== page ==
Owe My Soul to the Company Store

( – promoted by buhdydharma )

Some of you may remember Tennessee Ernie Ford’s old song. I do. When I was a kid we spent summers in eastern Kentucky with my Aunt and grandparents, Dad sometimes took us out to an old strip mine to shoot tin cans with his pearl-handled six shooters, and learn some history while we were at it. Back in the day, he told us, the coal barons had a clever scheme to enslave the local populations who worked to dig out the coal from its natural habitat.

The companies built shantytowns adjacent to the mines to house the miners and their families. The heart of those towns was the Company Store, where the miners and their families could purchase food and clothing and other necessities of life at exorbitant prices. These simple mountain folk had traditionally provided all these necessities for themselves, but that was impossible if they were working in the mines 16 hours a day. Inevitably the miners would end up owing the Company Store more money than they could ever expect to earn, often leaving debt to their survivors when they died of black lung or were killed in a cave-in. This served to make slaves of generations, as sons went into the mines hoping to pay off the debts with their own pointless labor.

The conditions under which far too many people labored at the turn of the last century were so dismal that Congress established the Commission on Industrial Relations in 1912, after several previous failed attempts to investigate labor relations in the extraction, agricultural, textile and major manufacturing industries. Per those company towns the Commission observed that they displayed “every aspect of feudalism except the recognition of special duties on the part of the employer.”

The Commission’s conclusions came in 1929 and were stark:

“Where (labor) organization is lacking, dangerous discontent is found on every hand; low wages and long hours prevail; exploitation in every direction is practiced; the people become sullen, have no regard for law and government, and are, in reality, a latent volcano as dangerous to society as are the volcanoes of nature to the landscape surrounding them.”

Hmmm… one might wonder why there was never a true peasant’s revolt, though in fact there were several. Unfortunately these tended to be isolated to given workers for given companies in given industries, never reaching the level where disgruntled wage-slaves got together to plan something larger. Obviously the government was concerned that they someday might, particularly after the “Age of Industrial Violence” from 1910 to 1915…

“We hold that efforts to stay the organization of labor or to restrict the right of employees to organize should not be tolerated, but that the opposite policy should prevail, and the organization of the trade unions and of the employers’ organizations should be promoted… This country is no longer a field for slavery, and where men and women are compelled, in order that they may live, to work under conditions in determining which they have no voice, they are not far removed from a condition existing under feudalism or slavery.”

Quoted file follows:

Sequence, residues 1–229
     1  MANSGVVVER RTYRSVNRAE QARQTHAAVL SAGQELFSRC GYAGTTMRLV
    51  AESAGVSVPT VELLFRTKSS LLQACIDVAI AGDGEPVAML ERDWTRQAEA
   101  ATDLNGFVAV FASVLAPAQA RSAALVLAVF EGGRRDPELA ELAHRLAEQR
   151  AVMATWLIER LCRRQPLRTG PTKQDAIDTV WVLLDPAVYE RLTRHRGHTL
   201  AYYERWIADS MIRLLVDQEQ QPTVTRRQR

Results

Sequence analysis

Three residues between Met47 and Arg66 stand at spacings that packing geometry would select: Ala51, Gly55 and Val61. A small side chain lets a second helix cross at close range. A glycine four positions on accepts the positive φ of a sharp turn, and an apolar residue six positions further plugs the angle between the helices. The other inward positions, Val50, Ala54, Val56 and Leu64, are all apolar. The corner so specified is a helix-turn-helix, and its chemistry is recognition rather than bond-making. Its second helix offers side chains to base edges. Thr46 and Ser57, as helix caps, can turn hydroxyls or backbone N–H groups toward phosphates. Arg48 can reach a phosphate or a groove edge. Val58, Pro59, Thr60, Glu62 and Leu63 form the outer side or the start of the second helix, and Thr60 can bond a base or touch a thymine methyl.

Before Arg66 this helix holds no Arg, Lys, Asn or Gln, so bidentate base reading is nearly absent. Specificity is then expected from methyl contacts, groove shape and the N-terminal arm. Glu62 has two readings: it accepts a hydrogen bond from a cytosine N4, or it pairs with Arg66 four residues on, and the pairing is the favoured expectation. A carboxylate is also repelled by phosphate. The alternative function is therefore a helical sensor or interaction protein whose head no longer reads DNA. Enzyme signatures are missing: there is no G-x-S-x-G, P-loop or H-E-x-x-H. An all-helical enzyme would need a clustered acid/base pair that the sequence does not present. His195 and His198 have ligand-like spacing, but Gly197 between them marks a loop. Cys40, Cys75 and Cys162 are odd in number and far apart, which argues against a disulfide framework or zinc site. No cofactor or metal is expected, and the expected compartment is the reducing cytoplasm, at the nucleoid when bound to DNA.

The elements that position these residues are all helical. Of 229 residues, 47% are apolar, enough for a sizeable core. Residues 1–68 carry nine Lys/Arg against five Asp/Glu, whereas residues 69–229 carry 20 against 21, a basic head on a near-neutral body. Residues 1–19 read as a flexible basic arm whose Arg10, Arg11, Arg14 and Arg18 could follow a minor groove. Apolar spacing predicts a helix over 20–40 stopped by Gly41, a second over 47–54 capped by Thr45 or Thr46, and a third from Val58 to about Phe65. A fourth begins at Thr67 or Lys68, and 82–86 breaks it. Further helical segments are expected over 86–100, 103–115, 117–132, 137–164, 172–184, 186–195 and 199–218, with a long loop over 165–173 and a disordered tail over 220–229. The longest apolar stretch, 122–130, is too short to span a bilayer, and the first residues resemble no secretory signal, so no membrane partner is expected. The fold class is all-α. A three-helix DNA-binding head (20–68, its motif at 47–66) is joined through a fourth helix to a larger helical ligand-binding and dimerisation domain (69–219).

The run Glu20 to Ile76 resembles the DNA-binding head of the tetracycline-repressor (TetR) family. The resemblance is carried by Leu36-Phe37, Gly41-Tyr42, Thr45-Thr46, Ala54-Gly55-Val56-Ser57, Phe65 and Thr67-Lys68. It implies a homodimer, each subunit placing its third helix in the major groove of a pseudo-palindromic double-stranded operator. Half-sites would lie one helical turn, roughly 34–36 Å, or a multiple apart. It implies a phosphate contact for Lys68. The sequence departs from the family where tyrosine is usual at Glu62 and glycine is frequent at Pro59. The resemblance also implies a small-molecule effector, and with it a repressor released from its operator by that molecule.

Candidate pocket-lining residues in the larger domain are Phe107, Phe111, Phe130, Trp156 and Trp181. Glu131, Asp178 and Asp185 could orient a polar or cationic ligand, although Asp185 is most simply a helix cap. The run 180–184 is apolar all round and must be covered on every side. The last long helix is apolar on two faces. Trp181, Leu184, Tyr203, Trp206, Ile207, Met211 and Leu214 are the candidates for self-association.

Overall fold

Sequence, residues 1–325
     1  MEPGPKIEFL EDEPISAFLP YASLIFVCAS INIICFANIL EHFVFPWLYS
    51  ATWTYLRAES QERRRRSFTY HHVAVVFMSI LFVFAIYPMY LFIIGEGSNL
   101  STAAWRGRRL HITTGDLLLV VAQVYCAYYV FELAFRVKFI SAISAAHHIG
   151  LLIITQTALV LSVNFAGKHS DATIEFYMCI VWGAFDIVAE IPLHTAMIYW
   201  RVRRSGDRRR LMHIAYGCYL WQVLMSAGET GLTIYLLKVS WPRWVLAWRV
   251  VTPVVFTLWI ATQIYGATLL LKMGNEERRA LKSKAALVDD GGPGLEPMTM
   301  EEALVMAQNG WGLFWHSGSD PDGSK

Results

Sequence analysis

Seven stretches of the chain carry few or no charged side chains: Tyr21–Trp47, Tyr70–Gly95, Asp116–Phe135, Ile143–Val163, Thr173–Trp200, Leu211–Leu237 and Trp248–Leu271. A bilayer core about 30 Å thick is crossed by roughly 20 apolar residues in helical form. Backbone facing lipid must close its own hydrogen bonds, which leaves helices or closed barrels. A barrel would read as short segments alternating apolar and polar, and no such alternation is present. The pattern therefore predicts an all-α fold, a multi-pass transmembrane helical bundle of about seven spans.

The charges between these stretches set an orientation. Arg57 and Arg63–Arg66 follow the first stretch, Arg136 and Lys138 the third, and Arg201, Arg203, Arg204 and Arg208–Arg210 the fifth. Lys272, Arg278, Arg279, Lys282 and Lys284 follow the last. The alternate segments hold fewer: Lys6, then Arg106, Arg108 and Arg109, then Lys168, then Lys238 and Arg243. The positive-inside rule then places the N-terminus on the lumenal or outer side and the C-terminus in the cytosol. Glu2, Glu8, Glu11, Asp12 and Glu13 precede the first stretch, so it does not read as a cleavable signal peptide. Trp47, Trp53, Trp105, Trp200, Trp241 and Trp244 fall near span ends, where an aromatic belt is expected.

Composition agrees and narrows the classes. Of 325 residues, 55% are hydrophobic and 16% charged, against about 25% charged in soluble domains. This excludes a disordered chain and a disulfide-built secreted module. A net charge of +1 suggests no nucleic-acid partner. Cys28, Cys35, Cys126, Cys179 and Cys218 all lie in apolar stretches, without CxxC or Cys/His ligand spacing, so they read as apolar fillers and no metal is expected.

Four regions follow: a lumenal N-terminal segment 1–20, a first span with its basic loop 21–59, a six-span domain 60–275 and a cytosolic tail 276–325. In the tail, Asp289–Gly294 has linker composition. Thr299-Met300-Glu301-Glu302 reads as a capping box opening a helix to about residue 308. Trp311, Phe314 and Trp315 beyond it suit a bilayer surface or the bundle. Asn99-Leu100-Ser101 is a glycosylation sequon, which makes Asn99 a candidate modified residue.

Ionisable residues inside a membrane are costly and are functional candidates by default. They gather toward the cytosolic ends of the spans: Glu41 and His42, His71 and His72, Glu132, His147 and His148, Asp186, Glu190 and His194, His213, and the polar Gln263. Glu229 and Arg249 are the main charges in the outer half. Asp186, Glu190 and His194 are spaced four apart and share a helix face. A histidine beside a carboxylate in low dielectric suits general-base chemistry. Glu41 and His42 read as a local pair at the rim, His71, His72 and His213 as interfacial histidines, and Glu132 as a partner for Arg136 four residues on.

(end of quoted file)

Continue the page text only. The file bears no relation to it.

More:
Unionization helped to bring about the American Middle Class, but the industrialists fought every step of the way. Violence during strikes could be notoriously deadly. The people who do the work in this country are being systematically reduced once again to feudal serfdom after just a few decades of rising standards of living. It didn’t start with G.W. Bush even though he was the only one dumb enough to try and sell us on the idea that working two or three slave jobs just so we may live (while having no health care and losing our homes to pirate bankers anyway) is a good thing. Unfortunately, it doesn’t look like it’s going to end with him either as our too long ignored concerns one by one fall to the same old same old feudalist status quo.

There is no ‘change we can believe in’ if nothing fundamentally changes. So while Obama’s presidency will go down in history for at least changing the complexion of the White House’s transient residents, that may be the only real change we’re likely to see in the next 4-8 years. Except for the changes planned to cheat us out of not just our working life’s savings, but Social Security and Medicare for our declining years as well. Once again the feudal lords trade our lives for riches in their own pockets, we get to die penniless and unattended, the kids are all slaving in the mines…